Three out of four Germans reduce or eliminate their vacations due to inflation

Rosalia SanchezCONTINUE
Updated: 06/14/2022 11:39 a.m.
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After two years of pandemic
the tourist sector rubbed its hands and celebrated the overdue hunger of vacations
in Central European markets. The German tour operator TUI had even advanced the "perfect season" for this summer, due to the increase in reservations on the Spanish coasts, even for stays slightly longer than before the coronavirus. But inflation is putting an end to this rejoicing. Three out of four Germans confess that this summer they will reduce or even eliminate beach holidays to adapt family budgets to inflation, which in Germany already amounts to 7.9%. This is confirmed by a study commissioned by the auditing and consulting firm PWC. "High inflation threatens to quickly dampen the burst of desire to travel," predicts Ingo Bauer, Head of Transport and Logistics at PWC Germany.

“We have experienced a boom in reservations since Easter, customers have been asking if there are no longer any restrictions on entering Spain and, when we inform you that you no longer have to present vaccination cards and all that, the reservation of the package used to be automatic. But for several weeks a part of those reservations have been canceled, ”confirms the Baden Agentur agency in Berlin.

The Austrian Secretary of State for Tourism, Susanne Kraus-Winkler, has reported that travel costs will increase by 10% to 15% this summer due to inflation, a percentage that forces many Austrians to rethink their plans as well. vacation. "Right now, I'm hearing that raising prices is not a big deal because the desire to travel is there, but I don't think it's a good idea," he told the industry, "I think all operators know their target group and they will adapt to the point where they don't overwhelm their clientele." Kraus-Winkler tries to reassure the operators and is sure that, as far as possible, Austrians will try to maintain their vacations this summer, but she does warn that trips will be significantly reduced throughout the year, especially in the area of "second vacations".

The sector is investigating in a hurry where the price increases that could ruin the summer campaign come from. The price comparison portal Idealo, consulted by many German tourists, notes that a summer flight to Alicante from Germany cost more than 71% in May compared to three years ago. In Mallorca the rise was 61%, Faro in the Portuguese Algarve 41%. The German aviation industry association justifies the price increases with rising kerosene prices. However, aviation expert Michael Immel criticizes that the share of fuel in flight costs is 30% to 40% for airlines. Lufthansa, the parent company of Eurowings and Eurowings Discover, explains to investors in a publication that the group was able to secure long-term low kerosene prices through so-called "hedging" and thus cushion about half of the price increase. In fact, according to Michael Immel, airlines have made losses in recent years and are now trying to cash in on rising demand.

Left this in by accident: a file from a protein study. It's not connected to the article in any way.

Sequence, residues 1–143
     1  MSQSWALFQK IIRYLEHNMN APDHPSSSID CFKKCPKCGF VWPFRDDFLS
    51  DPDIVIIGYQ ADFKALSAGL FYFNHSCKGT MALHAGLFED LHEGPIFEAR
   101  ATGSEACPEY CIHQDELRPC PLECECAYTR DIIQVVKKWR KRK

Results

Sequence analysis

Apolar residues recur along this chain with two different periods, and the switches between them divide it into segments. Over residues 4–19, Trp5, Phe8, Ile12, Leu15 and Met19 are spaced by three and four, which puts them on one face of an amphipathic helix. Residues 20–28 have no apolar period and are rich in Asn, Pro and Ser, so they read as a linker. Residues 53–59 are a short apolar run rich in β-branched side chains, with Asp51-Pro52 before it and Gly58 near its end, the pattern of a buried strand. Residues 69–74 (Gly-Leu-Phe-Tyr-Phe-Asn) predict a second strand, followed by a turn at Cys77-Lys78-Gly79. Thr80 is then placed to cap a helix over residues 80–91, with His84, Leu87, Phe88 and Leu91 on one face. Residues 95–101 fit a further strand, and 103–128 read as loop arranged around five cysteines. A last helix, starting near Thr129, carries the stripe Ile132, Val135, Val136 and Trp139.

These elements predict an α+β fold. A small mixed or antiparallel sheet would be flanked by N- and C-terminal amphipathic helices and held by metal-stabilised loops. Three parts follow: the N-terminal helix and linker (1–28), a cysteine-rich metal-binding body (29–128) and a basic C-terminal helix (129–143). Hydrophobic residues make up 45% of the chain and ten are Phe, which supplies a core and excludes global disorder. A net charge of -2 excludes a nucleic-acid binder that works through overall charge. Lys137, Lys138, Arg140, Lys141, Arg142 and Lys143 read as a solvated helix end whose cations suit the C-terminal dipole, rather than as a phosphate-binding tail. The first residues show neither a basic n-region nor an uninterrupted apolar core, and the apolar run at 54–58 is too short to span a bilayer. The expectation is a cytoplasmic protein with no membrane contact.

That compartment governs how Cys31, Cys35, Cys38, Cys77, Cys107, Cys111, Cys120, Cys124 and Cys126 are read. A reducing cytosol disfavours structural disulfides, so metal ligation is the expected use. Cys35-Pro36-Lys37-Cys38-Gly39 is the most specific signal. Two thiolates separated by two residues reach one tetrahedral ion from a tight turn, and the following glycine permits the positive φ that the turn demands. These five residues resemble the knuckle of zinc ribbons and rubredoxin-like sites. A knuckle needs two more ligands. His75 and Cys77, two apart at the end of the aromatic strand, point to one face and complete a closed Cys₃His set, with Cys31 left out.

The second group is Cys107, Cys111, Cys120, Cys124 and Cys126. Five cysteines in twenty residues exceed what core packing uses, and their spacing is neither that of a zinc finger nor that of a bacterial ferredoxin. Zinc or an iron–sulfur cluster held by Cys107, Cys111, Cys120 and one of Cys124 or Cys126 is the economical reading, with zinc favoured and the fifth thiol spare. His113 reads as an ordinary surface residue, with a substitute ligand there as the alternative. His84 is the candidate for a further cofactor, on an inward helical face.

According to Idealo, it is mainly the “hot water destinations” that are currently in greatest demand and where flight prices are skyrocketing. At the same time, there are also connections that have become cheaper despite higher kerosene prices: destinations for classic city trips or long-distance routes such as the Dominican Republic or the United States. Those who want to fly from Germany to Mexico City this summer paid 27% less in May than three years ago. Immel points out that competition plays an important role. “Classic hot water destinations like Mallorca used to be offered by Air Berlin and more recently by Ryanair. Air Berlin doesn't exist anymore, Ryanair doesn't fly from Frankfurt anymore, and that's really what explains the sky-high prices."

Holidaycheck reports for its part that the number of flight connections to Mallorca from Germany reached the pre-crisis level much faster than other destinations. Also, for the Canary Islands, for example, there are many airports with a smaller catchment area and consequently fewer flights. Package tour operators were able to secure cheap flights to destinations such as Mallorca in advance and are now able to pass this price advantage on to customers, although, in places where demand is high, these 'quotas' have already been exhausted, ticket prices Tour packages also go up.

In addition to inflation, the Central European sector points to the chaos at airports due to lack of staff as the reason why many customers are rectifying their summer vacation plans. “Over the past two summers, due to the pandemic, a national German market for vacation spots has emerged and gained quite a bit of traction,” reports the German Association of Travel Agents, “clients have been introduced to those destinations last summer or next. previous and, especially the older ones, find this trip easier and less stressful and prefer to repeat it». The same source points out that flight cancellations accumulate behind "a wave of problems, although we are very hopeful that they can handle it in some way."

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